Withdrawal of Immunosuppression in Pediatric Liver Transplant Recipients (WISP-R)
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|ClinicalTrials.gov Identifier: NCT00320606|
Recruitment Status : Completed
First Posted : May 3, 2006
Results First Posted : July 6, 2011
Last Update Posted : May 12, 2017
|Condition or disease||Intervention/treatment||Phase|
|Liver Transplant Immunosuppression||Drug: Gradual withdrawal of immunosuppressive medication||Phase 1|
In order to prevent the rejection of transplanted organs, transplant recipients are prescribed a strict, lifelong regimen of immunosuppressive drugs. While these drugs help prevent the body from rejecting the transplant, they carry numerous complications, including increased risk of serious infections and certain types of cancer. However, there is mounting evidence that a significant percentage of liver transplant recipients can maintain a healthy, functioning transplant without ongoing immunosuppression. This study will determine whether gradual withdrawal and eventual discontinuation of all immunosuppressive medication can be safely accomplished in children who received a liver transplant from a parent. Twenty eligible patients who were under 18 years old at the time of transplant, whose donor was a parent, and who received the transplant at least four years ago will be enrolled in the study.
Liver recipients will have an initial screening assessment consisting of a medical history, liver biopsy, and urine and blood collection. Eligible recipients will be placed on a modified medication schedule to gradually decrease their immunosuppression medication slowly over a 9- to 12-month period, during which time they will be closely monitored by study staff. Immunosuppressive drugs will not be provided by this study. For a minimum of 3 and up to a maximum of 7 years, monthly telephone consultations and quarterly study visits will occur. Visits will include physical exams and blood collection to monitor the children's health during the withdrawal phase. The exact schedule of immunosuppressant withdrawal will be determined by study physicians based on participant's health and immune function test results. Donor and nondonor parents will be asked to each provide one blood sample during the initial study visits for immunologic and genetic testing.
*** IMPORTANT NOTICE: *** The National Institute of Allergy and Infectious Diseases and the Immune Tolerance Network do not recommend the discontinuation of immunosuppressive therapy for recipients of cell, organ, or tissue transplants outside of physician-directed, controlled clinical studies. Discontinuation of prescribed immunosuppressive therapy can result in serious health consequences and should only be performed in certain rare circumstances, upon the recommendation and with the guidance of your health care provider.
|Study Type :||Interventional (Clinical Trial)|
|Actual Enrollment :||20 participants|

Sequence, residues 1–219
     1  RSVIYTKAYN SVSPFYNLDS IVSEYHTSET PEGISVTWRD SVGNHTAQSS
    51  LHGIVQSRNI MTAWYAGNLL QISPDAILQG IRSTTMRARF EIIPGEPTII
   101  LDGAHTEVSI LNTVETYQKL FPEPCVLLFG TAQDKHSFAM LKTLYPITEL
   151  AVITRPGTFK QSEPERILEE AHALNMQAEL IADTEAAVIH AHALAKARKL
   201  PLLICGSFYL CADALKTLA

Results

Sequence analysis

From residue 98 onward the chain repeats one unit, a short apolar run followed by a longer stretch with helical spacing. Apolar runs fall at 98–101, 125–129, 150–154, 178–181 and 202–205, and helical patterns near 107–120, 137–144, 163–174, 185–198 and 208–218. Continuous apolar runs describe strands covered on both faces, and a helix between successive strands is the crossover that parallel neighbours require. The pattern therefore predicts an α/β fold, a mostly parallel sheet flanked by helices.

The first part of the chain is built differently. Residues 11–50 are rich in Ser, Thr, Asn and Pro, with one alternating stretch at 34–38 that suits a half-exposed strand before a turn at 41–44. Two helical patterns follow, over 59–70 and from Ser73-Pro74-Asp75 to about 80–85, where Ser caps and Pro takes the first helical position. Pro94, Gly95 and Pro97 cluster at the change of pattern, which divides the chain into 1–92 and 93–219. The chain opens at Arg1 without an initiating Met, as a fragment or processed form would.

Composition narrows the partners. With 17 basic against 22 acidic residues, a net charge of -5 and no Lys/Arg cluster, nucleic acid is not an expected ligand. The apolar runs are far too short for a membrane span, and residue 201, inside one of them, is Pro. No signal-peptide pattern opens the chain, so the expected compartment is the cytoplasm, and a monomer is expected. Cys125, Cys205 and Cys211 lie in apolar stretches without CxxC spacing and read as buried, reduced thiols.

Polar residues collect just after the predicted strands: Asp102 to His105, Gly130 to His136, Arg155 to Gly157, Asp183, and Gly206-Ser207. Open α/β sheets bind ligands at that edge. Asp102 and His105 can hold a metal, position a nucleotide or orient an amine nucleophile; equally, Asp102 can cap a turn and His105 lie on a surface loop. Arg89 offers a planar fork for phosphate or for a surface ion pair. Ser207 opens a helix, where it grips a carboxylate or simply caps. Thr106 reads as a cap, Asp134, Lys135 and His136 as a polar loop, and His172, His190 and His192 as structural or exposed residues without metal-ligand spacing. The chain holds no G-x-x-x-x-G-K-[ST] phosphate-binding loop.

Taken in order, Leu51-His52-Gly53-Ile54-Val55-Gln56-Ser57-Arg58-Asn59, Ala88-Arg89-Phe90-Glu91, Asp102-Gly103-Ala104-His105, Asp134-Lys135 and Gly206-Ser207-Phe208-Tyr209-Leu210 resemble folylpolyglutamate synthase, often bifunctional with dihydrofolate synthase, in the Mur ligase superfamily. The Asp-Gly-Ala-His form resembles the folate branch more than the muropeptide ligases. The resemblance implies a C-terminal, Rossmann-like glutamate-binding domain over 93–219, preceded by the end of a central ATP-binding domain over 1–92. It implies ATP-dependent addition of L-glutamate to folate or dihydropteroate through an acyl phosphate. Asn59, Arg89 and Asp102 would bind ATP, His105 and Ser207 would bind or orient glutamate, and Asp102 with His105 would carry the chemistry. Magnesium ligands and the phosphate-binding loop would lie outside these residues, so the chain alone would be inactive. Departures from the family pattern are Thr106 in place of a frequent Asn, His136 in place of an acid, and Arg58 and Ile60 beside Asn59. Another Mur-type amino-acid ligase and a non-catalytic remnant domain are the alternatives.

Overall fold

|Intervention Model:||Single Group Assignment|
|Intervention Model Description:||Recipients of parental living-donor liver allografts will undergo gradual withdrawal as tolerated of immunosuppression with the goal of complete withdrawal.|
|Masking:||None (Open Label)|
|Official Title:||Immunosuppression Withdrawal for Pediatric Living-donor Liver Transplant Recipients (ITN029ST)|
|Study Start Date :||May 2006|
|Actual Primary Completion Date :||August 2010|
|Actual Study Completion Date :||March 2017|
Experimental: Immunosuppression Withdrawal
Recipients of parental living donor liver transplants 4 or more years prior to trial enrollment, who also had stable allograft function during the preceding 6 months while taking a single immunosuppressive drug were permitted to undergo withdrawal of immunosuppression therapy. With high dose, daily dose reduction by 25% for 8 weeks. With low dose, daily dose reduction by 25% for 4 weeks.
Patients are carefully evaluated/monitored throughout the study by assessments including but not limited to liver biopsy, liver tests and clinic visits, alloantibodies, autoantibodies and quantitative immunoglobulin G test results.
Drug: Gradual withdrawal of immunosuppressive medication
With high dose, daily dose reduction by 25% for 8 weeks. With low dose, daily dose reduction by 25% for 4 weeks.
- Proportion of Subjects Successfully Withdrawn From Immunosuppression [ Time Frame: 1 year after completion of immunosuppression withdrawal ]Subjects were considered successfully withdrawn from immunosuppression if they remained off immunosuppression for at least one year with normal allograft function
- Proportion of Patients Who Suffer Graft Loss or Die Following Initiation of Immunosuppression Withdrawal [ Time Frame: 1 year ]
- Time From Start of Immunosuppression to the First Episode of Acute Rejection or to Diagnosis of Chronic Rejection [ Time Frame: Immunosuppression to first acute rejection or diagnosis of chronic rejection ]
- Distribution of Histologic Severity Among Rejection Episodes [ Time Frame: Immunosuppression to rejection ]
- Incidence of Adverse Events [ Time Frame: throughout trial ]
- Changes in Renal Function, Blood Pressure, Cholesterol Level, and Glucose Control [ Time Frame: throughout trial ]
To learn more about this study, you or your doctor may contact the study research staff using the contact information provided by the sponsor.
Please refer to this study by its ClinicalTrials.gov identifier (NCT number): NCT00320606
|United States, California|
|University of California, San Francisco|
|San Francisco, California, United States, 94143|
|United States, Illinois|
|Children's Memorial Hospital|
|Chicago, Illinois, United States, 60614|
|United States, New York|
|Columbia University Medical Center|
|New York, New York, United States, 10032|
|Principal Investigator:||Sandy Feng, MD||University of California, San Francisco|